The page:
Stereotactic Radiosurgery & Radiation Therapy
Radiation therapy, or radiotherapy, uses high-energy beams (X-rays or gamma rays, for example) to kill tumor cells and keep tumors from growing. Radiation can be targeted to reach the brain tumor without affecting other parts of the body, and may be used before, after or instead of surgery, depending on each patient’s situation.
At Houston Methodist, we use the latest technology to selectively attack the tumor. Stereotactic radiosurgery (SRS) is the use of radiation therapy to manipulate and focus the beam to the precise shape of the tumor to minimize the amount of radiation passing through healthy brain tissue. In this case, the radiation is delivered from an external beam. Your doctor may also consider and discuss surgery and/or chemotherapy with you.
Stereotactic Radiosurgery (SRS)
Many brain tumors that were previously considered untreatable can now be treated quickly, effectively and safely with radiosurgery. It is often a successful treatment option for people who have remaining lesions after surgery or for brain tumors that are in regions with critical functions or that are risky to access with conventional surgery.
Our experts can treat both primary tumors (those that originate within the brain) and metastatic tumors (secondary tumors, or tumors that have spread from cancer sites outside the brain), usually with a single, one-day treatment, or in a short course of three to five treatments, instead of the usual 20 to 26 treatments required for radiation therapy.
Many patients originally thought to have inoperable tumors can now be safely and effectively treated. This technique has given patients new treatment options to avoid or augment surgery and minimize side effects from surgery or more extensive traditional radiation treatments. In some cases, patients who previously had limited life expectancy now have the potential of longer-term survival with enhanced quality of life.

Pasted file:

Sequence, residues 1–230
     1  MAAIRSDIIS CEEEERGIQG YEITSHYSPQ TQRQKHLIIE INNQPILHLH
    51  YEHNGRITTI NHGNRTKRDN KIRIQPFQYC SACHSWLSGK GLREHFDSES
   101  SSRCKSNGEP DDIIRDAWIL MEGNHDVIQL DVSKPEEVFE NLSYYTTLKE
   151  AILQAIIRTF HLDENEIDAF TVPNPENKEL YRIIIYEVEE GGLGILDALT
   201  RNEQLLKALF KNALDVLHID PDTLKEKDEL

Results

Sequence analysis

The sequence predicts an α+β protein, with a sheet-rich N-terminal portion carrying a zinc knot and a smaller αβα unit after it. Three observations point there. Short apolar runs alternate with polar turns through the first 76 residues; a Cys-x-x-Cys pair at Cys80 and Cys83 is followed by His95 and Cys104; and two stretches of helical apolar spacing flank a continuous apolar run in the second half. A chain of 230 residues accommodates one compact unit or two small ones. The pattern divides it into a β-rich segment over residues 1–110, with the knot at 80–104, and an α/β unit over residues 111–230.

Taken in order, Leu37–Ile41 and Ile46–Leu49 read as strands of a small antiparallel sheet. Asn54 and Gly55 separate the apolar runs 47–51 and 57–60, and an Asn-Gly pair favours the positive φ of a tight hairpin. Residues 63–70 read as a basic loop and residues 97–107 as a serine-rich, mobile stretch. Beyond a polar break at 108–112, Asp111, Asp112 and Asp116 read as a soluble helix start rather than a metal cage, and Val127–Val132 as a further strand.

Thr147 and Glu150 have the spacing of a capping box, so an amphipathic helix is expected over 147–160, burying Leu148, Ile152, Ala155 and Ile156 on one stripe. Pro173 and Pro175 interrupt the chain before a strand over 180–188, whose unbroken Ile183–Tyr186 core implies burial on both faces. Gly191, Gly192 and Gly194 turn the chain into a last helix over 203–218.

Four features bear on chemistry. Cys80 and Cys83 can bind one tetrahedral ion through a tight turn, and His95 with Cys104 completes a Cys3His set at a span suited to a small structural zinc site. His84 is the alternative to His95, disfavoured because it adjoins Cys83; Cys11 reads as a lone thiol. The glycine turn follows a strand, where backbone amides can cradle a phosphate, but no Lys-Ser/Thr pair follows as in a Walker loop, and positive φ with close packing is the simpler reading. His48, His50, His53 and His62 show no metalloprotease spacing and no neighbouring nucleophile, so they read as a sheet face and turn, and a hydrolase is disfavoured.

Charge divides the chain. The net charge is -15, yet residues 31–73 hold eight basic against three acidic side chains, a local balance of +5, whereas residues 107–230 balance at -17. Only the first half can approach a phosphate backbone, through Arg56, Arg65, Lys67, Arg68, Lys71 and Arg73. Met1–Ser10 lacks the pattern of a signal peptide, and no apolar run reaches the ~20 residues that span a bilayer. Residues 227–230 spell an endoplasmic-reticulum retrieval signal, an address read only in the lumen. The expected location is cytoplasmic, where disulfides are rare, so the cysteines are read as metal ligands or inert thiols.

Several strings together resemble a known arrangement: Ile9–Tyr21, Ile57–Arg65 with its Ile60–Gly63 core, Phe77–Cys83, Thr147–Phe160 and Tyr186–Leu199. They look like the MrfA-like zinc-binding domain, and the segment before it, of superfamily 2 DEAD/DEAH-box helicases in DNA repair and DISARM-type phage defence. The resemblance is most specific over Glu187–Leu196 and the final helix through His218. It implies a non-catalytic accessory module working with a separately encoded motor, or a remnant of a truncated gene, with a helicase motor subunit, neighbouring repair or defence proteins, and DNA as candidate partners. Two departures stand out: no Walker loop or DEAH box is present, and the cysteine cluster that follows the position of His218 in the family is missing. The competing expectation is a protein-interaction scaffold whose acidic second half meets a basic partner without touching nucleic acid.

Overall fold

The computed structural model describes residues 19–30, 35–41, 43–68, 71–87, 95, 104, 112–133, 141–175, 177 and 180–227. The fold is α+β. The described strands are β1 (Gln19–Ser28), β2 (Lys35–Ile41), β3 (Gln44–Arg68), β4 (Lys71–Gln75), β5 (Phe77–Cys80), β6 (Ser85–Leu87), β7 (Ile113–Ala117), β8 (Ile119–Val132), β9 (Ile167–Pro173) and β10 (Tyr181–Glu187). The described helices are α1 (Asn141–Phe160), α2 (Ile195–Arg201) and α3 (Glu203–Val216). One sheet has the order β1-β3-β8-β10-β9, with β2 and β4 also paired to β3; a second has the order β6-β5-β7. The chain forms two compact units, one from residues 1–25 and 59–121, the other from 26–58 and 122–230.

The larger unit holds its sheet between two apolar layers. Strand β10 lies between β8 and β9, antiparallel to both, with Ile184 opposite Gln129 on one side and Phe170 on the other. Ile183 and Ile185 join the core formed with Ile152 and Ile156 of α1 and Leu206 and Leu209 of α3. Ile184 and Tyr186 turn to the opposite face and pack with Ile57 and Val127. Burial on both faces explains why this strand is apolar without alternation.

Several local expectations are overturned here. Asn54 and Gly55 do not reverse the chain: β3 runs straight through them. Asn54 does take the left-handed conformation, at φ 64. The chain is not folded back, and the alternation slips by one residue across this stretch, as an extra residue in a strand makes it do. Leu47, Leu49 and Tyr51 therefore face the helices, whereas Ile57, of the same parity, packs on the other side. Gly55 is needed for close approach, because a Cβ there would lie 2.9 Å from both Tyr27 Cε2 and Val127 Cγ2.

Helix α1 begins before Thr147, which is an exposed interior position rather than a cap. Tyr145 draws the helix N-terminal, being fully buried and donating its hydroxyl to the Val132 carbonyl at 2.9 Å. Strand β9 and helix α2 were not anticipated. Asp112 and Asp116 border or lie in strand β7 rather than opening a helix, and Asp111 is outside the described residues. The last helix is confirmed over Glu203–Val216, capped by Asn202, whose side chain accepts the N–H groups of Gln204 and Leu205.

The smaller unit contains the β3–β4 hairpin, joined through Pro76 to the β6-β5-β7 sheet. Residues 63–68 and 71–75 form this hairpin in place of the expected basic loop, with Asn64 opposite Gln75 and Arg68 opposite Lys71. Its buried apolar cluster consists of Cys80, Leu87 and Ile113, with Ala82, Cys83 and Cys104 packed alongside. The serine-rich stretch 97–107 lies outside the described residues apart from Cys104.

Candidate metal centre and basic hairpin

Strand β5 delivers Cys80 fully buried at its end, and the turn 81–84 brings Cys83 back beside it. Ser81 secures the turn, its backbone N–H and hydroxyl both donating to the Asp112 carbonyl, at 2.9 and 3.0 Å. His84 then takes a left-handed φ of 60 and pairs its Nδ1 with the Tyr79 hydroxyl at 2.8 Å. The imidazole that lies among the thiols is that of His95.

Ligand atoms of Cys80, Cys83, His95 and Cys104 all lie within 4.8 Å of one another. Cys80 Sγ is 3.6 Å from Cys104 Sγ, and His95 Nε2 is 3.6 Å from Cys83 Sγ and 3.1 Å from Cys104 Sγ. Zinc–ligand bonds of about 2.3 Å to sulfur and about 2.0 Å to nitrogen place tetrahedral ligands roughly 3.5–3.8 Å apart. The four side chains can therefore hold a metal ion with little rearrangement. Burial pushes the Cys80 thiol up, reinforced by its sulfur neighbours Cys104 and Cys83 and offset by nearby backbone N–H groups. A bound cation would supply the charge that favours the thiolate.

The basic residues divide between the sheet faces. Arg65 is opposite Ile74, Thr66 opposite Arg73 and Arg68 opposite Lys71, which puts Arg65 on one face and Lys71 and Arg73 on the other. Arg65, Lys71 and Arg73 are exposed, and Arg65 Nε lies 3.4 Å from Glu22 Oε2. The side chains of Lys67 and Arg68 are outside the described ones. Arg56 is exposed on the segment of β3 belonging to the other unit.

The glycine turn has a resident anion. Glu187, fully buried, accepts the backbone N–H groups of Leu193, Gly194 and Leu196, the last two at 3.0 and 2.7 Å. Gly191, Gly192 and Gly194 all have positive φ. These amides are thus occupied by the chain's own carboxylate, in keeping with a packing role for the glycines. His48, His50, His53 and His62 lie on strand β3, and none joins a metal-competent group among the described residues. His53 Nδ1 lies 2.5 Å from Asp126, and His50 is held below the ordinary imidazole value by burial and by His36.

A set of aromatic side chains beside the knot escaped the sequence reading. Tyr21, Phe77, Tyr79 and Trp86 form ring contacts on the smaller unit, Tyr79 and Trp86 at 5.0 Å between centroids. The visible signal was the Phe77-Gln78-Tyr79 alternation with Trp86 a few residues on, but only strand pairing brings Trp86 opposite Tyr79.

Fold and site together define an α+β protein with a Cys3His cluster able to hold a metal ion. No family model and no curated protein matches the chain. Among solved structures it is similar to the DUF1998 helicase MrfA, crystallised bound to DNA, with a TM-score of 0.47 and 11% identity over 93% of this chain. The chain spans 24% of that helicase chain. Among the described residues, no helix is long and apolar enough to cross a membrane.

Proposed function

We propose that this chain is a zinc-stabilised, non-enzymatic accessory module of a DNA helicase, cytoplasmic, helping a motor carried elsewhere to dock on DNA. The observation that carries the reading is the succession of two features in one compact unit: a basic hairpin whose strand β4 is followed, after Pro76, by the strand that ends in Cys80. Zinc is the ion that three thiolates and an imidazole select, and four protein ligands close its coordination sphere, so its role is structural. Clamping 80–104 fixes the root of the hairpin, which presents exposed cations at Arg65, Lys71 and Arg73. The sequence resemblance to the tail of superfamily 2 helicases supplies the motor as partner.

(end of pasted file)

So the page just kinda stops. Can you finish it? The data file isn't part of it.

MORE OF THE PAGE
Disorders treated with SRS include:
- Acoustic neuroma
- Arteriovenous Malformations (AVMs), Dural AV Fistulas
- Brain metastases
- Functional disorders (movement disorders, e.g.)
- Skull base tumors: Meningioma, schwannoma, chordoma, glomus tumors, adenoid cystic carcinoma, primary skull base carcinoma, esthesioneuroblastoma
- Trigeminal neuralgia
Houston Methodist Hospital Radiosurgery Program
Neurosurgeons and radiation oncologists at Houston Methodist Hospital Sterotactic Radiosurgery Program use highly specialized stereotactic radiosurgery equipment, such as the Gamma Knife and Novalis®, to focus beams of radiation only where needed to destroy cancerous or noncancerous growths without damaging healthy brain tissue. These beams are formed to the complex, 3-D shape of each person’s tumor, allowing physicians to administer higher doses of radiation more precisely and safely. That makes this noninvasive, nonsurgical treatment less toxic than previous radiation treatments for brain tumors.